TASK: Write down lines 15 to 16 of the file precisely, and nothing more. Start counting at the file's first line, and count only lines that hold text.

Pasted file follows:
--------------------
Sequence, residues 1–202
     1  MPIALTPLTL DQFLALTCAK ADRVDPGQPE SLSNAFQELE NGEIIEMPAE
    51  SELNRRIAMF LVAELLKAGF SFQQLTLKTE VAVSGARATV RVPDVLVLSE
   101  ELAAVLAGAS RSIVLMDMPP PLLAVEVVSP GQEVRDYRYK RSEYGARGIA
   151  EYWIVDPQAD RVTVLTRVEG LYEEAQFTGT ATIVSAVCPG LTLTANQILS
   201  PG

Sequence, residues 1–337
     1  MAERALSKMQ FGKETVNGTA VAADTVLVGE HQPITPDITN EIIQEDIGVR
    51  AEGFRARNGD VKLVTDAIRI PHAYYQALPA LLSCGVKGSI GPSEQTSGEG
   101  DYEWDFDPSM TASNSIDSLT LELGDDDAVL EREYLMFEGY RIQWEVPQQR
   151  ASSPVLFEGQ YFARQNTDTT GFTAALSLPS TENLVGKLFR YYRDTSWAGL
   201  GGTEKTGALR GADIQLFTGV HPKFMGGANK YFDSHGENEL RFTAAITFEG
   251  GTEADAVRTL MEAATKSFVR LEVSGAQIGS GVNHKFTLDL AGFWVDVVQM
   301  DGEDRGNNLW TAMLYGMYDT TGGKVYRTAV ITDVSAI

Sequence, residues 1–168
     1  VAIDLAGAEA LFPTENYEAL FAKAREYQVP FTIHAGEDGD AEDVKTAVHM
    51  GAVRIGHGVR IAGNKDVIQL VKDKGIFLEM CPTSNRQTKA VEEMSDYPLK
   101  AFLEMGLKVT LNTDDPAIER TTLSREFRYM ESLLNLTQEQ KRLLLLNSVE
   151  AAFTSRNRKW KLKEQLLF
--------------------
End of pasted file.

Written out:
Sequence, residues 1–168
     1  VAIDLAGAEA LFPTENYEAL FAKAREYQVP FTIHAGEDGD AEDVKTAVHM